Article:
Many U.S. homeowners who need cash are taking it out of their properties. The trade-off: higher interest rates.
Over the past two years, a big chunk of homeowners took on higher interest rates when they refinanced to tap their home equity. These cash-out refinancings, as they are known, free up money homeowners can use to pay down credit-card debt, renovate or invest in a new property.
Nearly 60% of cash-out refinancings in 2018 came with higher interest rates, the biggest share since before the financial crisis, according to Black Knight Inc., a mortgage-data and technology firm. This year, that number fell to around 44% of cash-out deals, but it remains at more than three times its average between 2009 and 2017.
This corner of the mortgage market illuminates the crosscurrents in the U.S. economy: After roughly a decade of rising home prices, homeowners are flush with record amounts of home equity they can tap. But many Americans remain short on cash and are increasingly relying on debt to fund their lives.
“There’s something in their life that is causing them to need money,” said Sam Polland, a mortgage-loan officer at Sandy Spring Bank in Rockville, Md. “They are willing to go up in rate to get the equity out of their house.”
For some homeowners, the trade-off is worth it. While mortgage rates have crept up, they are still lower than what borrowers would pay if they tapped a credit-card or home-equity line of credit.
Cash-out refis made up a significant share of refinancings in the third quarter, helping fuel a rebound in the mortgage market after a dismal 2018. Led by refis, lenders originated $700 billion in mortgages in the third quarter, the most since before the financial crisis, according to industry research group Inside Mortgage Finance.
The average 30-year fixed mortgage rate has been under 4% for much of the year. That is low by historical standards, but higher than periods in 2012, 2013, 2015 and 2016 when borrowers last flooded the market. Black Knight found that 39% of the people who did cash-out refis in the third quarter had obtained their mortgages during those four low-rate years.
Paul Thompson, who works in product development, got a mortgage at 4% when he bought his Dallas house in 2015. This month, he refinanced at 4.625% and took out about $30,000.
The higher rate was worth it, he said, because it gave him the cash to renovate an investment property next door that he bought this fall. His parents are planning to move in once it is finished.
“It just gives me some cushion should I have to go back to being self-employed,” said Mr. Thompson.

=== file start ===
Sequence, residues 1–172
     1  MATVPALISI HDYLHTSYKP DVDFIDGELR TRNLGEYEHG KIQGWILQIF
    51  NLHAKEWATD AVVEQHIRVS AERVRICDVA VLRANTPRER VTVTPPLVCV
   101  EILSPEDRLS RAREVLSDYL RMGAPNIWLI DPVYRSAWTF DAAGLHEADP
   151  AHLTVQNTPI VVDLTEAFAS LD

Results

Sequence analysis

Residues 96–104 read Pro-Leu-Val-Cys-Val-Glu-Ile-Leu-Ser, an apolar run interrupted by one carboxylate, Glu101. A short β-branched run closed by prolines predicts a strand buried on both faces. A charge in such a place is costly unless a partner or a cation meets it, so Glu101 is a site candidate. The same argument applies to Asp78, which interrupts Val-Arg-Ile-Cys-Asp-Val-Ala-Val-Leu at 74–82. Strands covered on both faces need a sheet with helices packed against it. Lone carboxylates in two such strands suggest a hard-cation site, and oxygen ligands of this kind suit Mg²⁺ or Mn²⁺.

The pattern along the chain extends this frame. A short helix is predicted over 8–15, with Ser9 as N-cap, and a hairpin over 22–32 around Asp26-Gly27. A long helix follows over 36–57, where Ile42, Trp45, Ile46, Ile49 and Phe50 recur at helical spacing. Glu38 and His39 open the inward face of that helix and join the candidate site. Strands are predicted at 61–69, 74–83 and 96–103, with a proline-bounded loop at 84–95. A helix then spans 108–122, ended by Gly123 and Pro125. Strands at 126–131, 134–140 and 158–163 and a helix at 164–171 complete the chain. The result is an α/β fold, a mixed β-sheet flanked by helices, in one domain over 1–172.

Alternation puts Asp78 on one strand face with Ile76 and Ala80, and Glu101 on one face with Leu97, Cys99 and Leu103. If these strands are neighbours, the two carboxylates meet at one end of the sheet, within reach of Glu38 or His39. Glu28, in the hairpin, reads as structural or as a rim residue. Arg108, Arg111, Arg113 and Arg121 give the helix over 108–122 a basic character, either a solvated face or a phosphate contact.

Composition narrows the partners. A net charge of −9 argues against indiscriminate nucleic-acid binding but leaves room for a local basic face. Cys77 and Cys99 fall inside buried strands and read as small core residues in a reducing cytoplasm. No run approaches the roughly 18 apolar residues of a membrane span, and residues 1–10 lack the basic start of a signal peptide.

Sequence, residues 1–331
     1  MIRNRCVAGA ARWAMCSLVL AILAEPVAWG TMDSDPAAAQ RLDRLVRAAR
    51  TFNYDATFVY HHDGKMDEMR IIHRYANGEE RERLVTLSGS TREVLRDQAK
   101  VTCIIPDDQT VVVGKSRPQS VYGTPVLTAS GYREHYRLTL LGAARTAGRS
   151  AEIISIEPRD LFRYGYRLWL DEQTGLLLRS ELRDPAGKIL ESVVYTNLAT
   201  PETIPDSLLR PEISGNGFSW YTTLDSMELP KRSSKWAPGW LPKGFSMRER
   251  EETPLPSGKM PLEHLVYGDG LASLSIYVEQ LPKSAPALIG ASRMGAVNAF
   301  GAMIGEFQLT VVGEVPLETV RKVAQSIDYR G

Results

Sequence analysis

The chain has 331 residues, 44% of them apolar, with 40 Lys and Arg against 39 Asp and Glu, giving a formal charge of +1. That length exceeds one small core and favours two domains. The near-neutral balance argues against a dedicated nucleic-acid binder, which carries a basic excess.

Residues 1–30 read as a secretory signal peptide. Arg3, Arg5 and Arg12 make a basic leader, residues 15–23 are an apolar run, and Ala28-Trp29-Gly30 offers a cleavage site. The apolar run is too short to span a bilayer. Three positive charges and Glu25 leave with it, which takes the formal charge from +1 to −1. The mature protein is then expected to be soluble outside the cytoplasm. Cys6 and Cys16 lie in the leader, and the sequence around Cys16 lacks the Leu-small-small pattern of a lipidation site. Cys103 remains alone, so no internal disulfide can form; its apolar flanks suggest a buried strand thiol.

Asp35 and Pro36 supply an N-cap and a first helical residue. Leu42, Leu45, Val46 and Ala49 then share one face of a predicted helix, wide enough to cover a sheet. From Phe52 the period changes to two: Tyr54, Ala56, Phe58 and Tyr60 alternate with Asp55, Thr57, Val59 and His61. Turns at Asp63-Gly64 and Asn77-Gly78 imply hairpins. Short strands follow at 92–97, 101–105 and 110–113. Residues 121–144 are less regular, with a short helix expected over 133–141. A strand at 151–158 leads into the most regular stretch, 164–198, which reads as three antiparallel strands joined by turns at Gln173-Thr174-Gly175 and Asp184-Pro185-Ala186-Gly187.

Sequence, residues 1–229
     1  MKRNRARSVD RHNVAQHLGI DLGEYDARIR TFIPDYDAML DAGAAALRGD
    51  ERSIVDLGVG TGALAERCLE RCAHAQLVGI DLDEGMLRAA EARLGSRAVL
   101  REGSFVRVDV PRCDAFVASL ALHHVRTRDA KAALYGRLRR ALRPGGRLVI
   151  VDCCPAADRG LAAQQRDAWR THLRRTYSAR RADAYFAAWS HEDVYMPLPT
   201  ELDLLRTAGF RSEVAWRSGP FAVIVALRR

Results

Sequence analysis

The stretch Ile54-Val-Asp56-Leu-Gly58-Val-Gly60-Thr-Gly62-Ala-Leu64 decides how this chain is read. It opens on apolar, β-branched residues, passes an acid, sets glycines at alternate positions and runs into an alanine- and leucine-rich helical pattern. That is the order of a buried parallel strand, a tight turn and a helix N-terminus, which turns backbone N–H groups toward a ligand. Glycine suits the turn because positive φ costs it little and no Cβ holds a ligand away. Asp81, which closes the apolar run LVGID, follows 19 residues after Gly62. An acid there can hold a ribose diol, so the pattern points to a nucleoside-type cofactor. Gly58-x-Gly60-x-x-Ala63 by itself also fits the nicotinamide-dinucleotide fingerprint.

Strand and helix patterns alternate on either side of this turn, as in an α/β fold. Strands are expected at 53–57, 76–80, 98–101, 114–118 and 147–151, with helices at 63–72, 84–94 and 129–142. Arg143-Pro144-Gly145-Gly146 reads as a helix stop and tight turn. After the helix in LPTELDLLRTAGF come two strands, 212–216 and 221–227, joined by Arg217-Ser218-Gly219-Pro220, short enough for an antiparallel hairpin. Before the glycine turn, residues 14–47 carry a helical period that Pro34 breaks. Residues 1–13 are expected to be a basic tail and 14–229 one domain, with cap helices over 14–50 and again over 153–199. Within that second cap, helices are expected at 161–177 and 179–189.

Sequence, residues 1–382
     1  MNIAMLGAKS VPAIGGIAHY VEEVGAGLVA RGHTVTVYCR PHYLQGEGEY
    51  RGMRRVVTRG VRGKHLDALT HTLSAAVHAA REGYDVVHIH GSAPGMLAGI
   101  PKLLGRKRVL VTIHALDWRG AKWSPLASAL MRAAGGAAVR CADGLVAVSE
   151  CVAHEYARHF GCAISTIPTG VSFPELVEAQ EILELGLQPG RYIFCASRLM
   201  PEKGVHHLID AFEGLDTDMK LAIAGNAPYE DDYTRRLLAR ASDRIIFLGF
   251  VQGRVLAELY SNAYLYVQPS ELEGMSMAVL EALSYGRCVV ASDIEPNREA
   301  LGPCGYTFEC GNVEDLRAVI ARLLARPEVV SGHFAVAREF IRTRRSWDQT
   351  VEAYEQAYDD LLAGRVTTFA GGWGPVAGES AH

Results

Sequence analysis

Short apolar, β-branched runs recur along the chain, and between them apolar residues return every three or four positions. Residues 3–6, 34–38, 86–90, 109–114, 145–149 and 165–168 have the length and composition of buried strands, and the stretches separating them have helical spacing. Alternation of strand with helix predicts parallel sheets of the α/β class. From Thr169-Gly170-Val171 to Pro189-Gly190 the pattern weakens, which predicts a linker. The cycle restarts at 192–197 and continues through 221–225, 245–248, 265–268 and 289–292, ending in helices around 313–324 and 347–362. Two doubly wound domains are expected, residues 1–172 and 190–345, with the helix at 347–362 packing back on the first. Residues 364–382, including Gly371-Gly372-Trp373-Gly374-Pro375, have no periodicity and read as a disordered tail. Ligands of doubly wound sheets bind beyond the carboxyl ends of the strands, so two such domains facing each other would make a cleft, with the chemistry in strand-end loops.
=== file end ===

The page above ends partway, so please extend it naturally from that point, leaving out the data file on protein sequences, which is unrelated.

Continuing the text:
Summer Garrett, Mr. Thompson’s loan officer at Caliber Home Loans Inc., said cash-out deals made up about 30% of her business over the past few months. Many clients use them to pay off credit-card debt, she said.
The use of cash-out refinancings worries some economists because it echoes the precrisis era, when homeowners used their homes like ATMs. Consumers who struggle to pay mortgages that have swelled due to a cash-out refinancing risk losing their homes. Credit-card debt, by contrast, is unsecured.
But the volume of cash-out refinancings remains well below precrisis levels. And many lenders say this type of activity isn’t uncommon deep in an economic expansion marked by rapid home-price growth in much of the country.
Cash-out refinancings also look increasingly attractive next to home-equity lines of credit. The 30-year fixed mortgage rate has fallen at a much faster pace than Heloc rates this year because they are based on different benchmark rates that haven’t moved in tandem.
In September, the average 30-year mortgage rate was almost 3 percentage points lower than the average Heloc rate, the biggest gap on record going back to 1992, according to personal-finance website Bankrate.com.
Homeowners sometimes lower their rates through cash-out deals.
Matthew Miller traded in an adjustable-rate mortgage at 4.75% for a 30-year fixed-rate loan at 3.5% this fall.
The New York-based architect took out the ARM last year to finance the purchase of a home in Sagaponack, N.Y. Because the house wasn’t up to code, he had trouble finding a lender and accepted a rate higher than the market rate as a result.
He renovated the property to bring it up to code, allowing him to refinance into a fixed-rate mortgage. The renovation also increased his equity; he pulled out $350,000 through a cash-out refinancing to cover the construction costs.
“It was a stressful process, definitely,” he said. “But now that it’s done it feels really good.”
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